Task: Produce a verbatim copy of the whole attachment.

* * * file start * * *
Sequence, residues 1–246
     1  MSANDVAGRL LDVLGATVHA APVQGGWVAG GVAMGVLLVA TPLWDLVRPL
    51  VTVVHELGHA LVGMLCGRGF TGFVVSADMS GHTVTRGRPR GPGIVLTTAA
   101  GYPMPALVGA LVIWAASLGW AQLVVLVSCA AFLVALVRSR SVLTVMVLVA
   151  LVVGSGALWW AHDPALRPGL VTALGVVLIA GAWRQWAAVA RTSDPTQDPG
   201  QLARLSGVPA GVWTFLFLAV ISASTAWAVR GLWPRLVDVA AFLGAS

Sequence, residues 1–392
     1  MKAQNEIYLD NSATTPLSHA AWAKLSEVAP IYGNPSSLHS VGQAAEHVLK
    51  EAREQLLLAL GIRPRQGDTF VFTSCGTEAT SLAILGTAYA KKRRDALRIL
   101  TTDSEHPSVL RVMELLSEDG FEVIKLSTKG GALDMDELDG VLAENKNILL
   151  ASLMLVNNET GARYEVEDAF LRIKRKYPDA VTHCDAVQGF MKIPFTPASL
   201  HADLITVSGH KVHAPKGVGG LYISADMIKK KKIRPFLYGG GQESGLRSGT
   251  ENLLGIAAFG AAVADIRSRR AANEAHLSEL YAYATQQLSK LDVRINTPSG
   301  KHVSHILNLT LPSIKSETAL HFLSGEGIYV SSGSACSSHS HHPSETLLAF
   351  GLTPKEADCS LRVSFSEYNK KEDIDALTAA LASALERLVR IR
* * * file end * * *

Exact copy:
Sequence, residues 1–246
     1  MSANDVAGRL LDVLGATVHA APVQGGWVAG GVAMGVLLVA TPLWDLVRPL
    51  VTVVHELGHA LVGMLCGRGF TGFVVSADMS GHTVTRGRPR GPGIVLTTAA
   101  GYPMPALVGA LVIWAASLGW AQLVVLVSCA AFLVALVRSR SVLTVMVLVA
   151  LVVGSGALWW AHDPALRPGL VTALGVVLIA GAWRQWAAVA RTSDPTQDPG
   201  QLARLSGVPA GVWTFLFLAV ISASTAWAVR GLWPRLVDVA AFLGAS

Sequence, residues 1–392
     1  MKAQNEIYLD NSATTPLSHA AWAKLSEVAP IYGNPSSLHS VGQAAEHVLK
    51  EAREQLLLAL GIRPRQGDTF VFTSCGTEAT SLAILGTAYA KKRRDALRIL
   101  TTDSEHPSVL RVMELLSEDG FEVIKLSTKG GALDMDELDG VLAENKNILL
   151  ASLMLVNNET GARYEVEDAF LRIKRKYPDA VTHCDAVQGF MKIPFTPASL
   201  HADLITVSGH KVHAPKGVGG LYISADMIKK KKIRPFLYGG GQESGLRSGT
   251  ENLLGIAAFG AAVADIRSRR AANEAHLSEL YAYATQQLSK LDVRINTPSG
   301  KHVSHILNLT LPSIKSETAL HFLSGEGIYV SSGSACSSHS HHPSETLLAF
   351  GLTPKEADCS LRVSFSEYNK KEDIDALTAA LASALERLVR IR